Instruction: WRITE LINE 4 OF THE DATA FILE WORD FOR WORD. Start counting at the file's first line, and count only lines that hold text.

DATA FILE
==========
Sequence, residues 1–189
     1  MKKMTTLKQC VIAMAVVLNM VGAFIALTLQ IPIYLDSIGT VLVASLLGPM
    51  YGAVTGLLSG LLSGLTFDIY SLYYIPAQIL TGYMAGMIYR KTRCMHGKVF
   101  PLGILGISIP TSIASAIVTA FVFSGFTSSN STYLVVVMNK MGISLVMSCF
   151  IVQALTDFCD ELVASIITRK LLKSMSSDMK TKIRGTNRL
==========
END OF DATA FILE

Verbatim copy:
   101  PLGILGISIP TSIASAIVTA FVFSGFTSSN STYLVVVMNK MGISLVMSCF